Impact on the Insurance Industry
The use of genetic and genomic information in the insurance industry has historically been challenging and subject to significant regulatory restrictions. Insurers have always striven for fairness and symmetric access to information which is or may be predictive of risk. With genomics now becoming a mainstay of regular medical care, how that information is assessed for risk stratification purposes must be constantly assessed, as precision medicine and all of its offerings may significantly change the way applications are underwritten and also how claims are adjudicated.
The new discoveries in genomic and precision medicine offer opportunities for insurers to develop new products to benefit insured lives. Much recent discussion has centered on genetic testing’s wellness benefits post-issue, with the expectation that genomic information might help covered individuals mitigate their risk by making preventative alterations to lifestyle and undertake disease monitoring. Offering coverage for pharmacogenomic testing or WES (or even WGS) tumor testing as a living benefit to potentially improve client outcomes from both a morbidity and mortality point of view will also be given further research and consideration by the industry. It will be extremely important moving forward for insurers to continue the strict practice of treating an individual’s genomic information carefully and guaranteeing the insured’s privacy.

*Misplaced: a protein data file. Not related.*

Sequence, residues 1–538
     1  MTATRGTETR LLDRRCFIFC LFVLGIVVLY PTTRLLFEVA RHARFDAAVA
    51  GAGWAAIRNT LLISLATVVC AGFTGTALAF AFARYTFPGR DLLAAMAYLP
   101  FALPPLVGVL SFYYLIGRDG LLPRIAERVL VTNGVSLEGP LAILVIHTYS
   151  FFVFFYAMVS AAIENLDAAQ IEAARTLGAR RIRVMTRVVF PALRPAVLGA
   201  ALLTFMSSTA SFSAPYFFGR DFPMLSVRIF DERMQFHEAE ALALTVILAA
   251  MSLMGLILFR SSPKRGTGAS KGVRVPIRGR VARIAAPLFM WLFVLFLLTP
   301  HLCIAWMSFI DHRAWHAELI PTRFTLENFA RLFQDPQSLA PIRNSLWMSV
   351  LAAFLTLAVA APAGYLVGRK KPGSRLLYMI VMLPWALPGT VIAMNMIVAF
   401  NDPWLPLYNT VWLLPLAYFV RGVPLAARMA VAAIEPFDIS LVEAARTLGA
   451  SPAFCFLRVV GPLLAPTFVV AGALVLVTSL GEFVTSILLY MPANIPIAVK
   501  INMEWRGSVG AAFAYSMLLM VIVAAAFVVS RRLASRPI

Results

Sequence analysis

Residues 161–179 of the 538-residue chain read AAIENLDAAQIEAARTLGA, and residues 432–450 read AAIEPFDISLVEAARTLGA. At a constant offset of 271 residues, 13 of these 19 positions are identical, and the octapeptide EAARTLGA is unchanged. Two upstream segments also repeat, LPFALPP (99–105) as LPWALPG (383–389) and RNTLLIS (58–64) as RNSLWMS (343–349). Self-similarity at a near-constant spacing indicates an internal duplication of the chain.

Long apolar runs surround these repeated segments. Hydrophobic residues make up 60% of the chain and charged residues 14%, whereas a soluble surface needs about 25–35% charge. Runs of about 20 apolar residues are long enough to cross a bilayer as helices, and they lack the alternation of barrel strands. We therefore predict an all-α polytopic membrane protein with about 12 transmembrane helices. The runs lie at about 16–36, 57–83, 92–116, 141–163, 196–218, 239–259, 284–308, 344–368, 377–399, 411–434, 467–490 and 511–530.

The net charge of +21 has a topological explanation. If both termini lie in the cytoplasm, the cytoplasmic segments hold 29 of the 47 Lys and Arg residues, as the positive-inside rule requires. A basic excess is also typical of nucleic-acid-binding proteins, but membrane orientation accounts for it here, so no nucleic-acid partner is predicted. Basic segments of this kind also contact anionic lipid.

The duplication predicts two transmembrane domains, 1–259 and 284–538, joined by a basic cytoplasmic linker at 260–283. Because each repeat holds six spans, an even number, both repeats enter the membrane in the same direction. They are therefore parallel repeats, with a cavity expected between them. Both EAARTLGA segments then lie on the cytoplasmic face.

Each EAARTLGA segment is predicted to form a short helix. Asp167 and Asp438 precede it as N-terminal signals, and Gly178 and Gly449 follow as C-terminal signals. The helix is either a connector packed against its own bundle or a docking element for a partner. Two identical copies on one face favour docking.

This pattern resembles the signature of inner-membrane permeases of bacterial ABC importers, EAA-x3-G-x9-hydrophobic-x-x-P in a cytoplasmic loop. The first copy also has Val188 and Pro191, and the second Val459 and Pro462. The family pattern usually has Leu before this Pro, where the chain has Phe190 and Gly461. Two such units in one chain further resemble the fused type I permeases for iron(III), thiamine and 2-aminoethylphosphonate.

It is, to be sure, an exciting time in the history of clinical medicine and in insurance medicine as well. The changes now being witnessed and those to come will undoubtedly have long-lasting and potentially beneficial effects for both clients and the industry.